The prior art contains many patents detailing various aspects of log-periodic antennas. A number of those patents relate to individual antenna structures. Such disclosure can be found in U.S. Pat. Nos. 3,134,979 and 3,308,470, both to Bell; 3,271,774 to Justice; 3,355,739 to Bell et al.; 3,366,964 to Ramsay et al.; 3,369,243 to Greiser; 3,482,250 to Maner; 3,530,484 to Barbano et al. and 3,868,689 to Liu et al. Each of the aforesaid patents discloses a structure of a log-periodic antenna; a method or apparatus for mounting such an antenna; a method or apparatus for feeding such an antenna; or a use of a particular antenna structure.
Log-periodic antennas have also been employed in arrays. In U.S. Pat. No. 3,349,404 to Copeland et al., an integrated array of log-periodic antennas and their circuitry is disclosed. The circuitry is used to switch the main lobe of the antenna over a narrow range for homing purposes. In U.S. Pat. No. 3,460,150 to Mei, a broadside, log-periodic antenna is shown wherein different lengths and configurations of feedlines to radiating elements are chosen so as to insure correct phasing relationships when all antennas are fed in parallel from a single excitation source. Mei arranges his antennas in rows and files in a substantially common plane, with the files extending from a common origin and the rows being transverse and spaced apart according to a logarithmic function. Mei discloses no ground plane for use in conjunction with his radiating elements.
In U.S. Pat. No. 4,506,268 to Kuo, a pair of log-periodic antennas are arranged in an array which is rotated around a central point. In U.S. Pat. No. 4,594,595 to Struckman, individual log-periodic antennas are arranged rotationally around a central point on a flat planar disk. Each antenna has its own individual feed point and can be thought of as having a single directional beam in the direction of orientation.
None of the aforesaid prior art achieves a wide-band phased-array that enables the generation of a radiation pattern that is grating-free over a wide slew angle.
Accordingly, it is an object of this invention to provide a wide-band, phased-array antenna using log-periodic radiating elements.
It is another object of this invention to provide a wide-band, phased-array antenna that exhibits a wide slew angle without the production of grating lobes.
It is another object of this invention to provide a wide-band, phased-array antenna employing log-periodic elements that requires no physical adjustment to achieve wide-band slew operation.
A wide-band phased antenna array is described that includes a conductive ground plane and a plurality of log-periodic antennas, each antenna having a plurality of radiating elements, each radiating element having a resonant frequency. Each log-periodic antenna extends from a common feed region at an acute angle with respect to the conductive ground plane, the angle assuring that all radiating elements having a common resonant frequency and exhibit an identical electrical distance from each other and from the ground plane.
FIG. 1 is a schematic of a log-periodic antenna employed with the invention, illustrating its relationship to an xyz coordinate system and wherein a ground plane is positioned in the xy plane.
FIG. 2 shows an added log-periodic antenna that is the mirror image of the antenna of FIG. 1.
FIG. 3 is a schematic block diagram of a system for energizing the antenna array of FIG. 2.
FIG. 4 is an array of four, log-periodic antennas, the array arranged in a manner incorporating the invention hereof.
FIGS. 5a, 6a and 7a illustrate a schematic of a 4×4 array of log-periodic antennas, the array energized at three different excitation frequencies.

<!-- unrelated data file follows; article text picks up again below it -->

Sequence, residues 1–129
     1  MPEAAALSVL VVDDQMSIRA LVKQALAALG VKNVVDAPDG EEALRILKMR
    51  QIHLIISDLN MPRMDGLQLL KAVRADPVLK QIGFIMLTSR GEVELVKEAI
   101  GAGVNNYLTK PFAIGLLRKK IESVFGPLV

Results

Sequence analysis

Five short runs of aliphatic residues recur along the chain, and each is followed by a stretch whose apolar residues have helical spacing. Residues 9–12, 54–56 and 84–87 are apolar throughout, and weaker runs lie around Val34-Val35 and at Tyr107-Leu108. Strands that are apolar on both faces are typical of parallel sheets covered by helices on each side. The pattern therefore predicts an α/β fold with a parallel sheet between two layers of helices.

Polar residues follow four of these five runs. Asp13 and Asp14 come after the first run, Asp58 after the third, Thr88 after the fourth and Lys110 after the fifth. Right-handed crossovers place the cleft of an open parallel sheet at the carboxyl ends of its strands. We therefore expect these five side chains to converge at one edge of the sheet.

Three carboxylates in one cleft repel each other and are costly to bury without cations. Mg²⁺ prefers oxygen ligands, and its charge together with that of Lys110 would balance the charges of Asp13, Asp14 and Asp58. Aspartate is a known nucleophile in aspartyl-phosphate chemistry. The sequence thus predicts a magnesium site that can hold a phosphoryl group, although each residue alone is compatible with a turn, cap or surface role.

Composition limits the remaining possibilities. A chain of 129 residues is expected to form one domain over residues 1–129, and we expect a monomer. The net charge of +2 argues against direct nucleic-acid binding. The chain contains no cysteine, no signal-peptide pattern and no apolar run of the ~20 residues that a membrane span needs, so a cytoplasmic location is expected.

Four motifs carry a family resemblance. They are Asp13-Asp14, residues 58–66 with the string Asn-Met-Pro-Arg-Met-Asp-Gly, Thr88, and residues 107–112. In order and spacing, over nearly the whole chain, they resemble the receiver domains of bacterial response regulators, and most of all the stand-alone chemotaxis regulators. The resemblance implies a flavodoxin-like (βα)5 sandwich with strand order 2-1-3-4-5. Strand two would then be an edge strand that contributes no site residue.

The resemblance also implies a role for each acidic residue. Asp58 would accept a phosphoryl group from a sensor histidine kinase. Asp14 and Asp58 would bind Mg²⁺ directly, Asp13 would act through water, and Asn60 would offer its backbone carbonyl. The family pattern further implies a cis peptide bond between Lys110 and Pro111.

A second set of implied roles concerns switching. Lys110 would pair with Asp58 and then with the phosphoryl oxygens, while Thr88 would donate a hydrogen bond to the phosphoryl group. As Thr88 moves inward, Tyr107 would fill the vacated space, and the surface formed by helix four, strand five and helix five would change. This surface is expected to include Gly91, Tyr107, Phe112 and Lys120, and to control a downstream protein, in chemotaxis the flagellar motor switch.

FIGS. 5b, 6b and 7b are side views of the array shown in FIGS. 5a, 6a and 7a.
Referring now to FIG. 1, the basic antenna element used in this invention is an antenna 10 which is a wire version of a planar dipole, log-periodic antenna. While not shown, each individual element is fed via a two wire feed system. As indicated above, log-periodic antennas are well known in the art and include a plurality of radiating elements, each element resonant at a different frequency. The specific log-periodic antenna shown in FIG. 1 is shown for exemplary purposes only and other log-periodic constructs arranged as taught herein may be substituted therefor.
Each radiating element in antenna 10 exhibits an electrical length that is 0.5 wavelengths at the element's resonant frequency. Thus, the longest element 12 comprises two portions that extend from center feed 14 and together exhibit an electrical length of 0.5 wavelengths at the lowest frequency (λ0) employed to energize antenna 10. In a like manner, antenna element 16 also has two separate portions, the electrical length thereof being 0.5 wavelengths at the highest frequency (λ1) of excitation employed with antenna 10. A ground plane 18 is positioned in the xy plane.
Antenna 10 is oriented at an angle θ with respect to the xz plane of FIG. 1. Angle θ is chosen so that each radiating element exhibits an identical electrical distance (expressed in wavelengths) from ground plane 18. Furthermore, as will be understood from the description below, all radiating elements exhibit electrical distances from each other (expressed in wavelengths) that are identical.
Referring to FIG. 2, an additional antenna 20 has been added as a mirror image of antenna 10. While both antennas 10 and 20 are schematically illustrated as geometrically emanating from a central feed point 24 (that is coincident with ground plane 18), antennas 10 and 20 are fed separately from an energy source (or sources) whose phase can be adjusted.
Radiating element 22 in antenna 20 is located an identical electrical distance from the yz plane as is radiating element 12 of antenna 10. Similarly, all other radiating elements within antenna 20 exhibit identical electrical distances from the yz plane, as do the mirror image elements of antenna 10. This arrangement enables all radiating antenna elements that exhibit the same resonant frequency to also exhibit the same electrical distances between each other. In addition, all of the radiating elements in both antennas 10 and 22 exhibit an identical electrical distance from ground plane 18.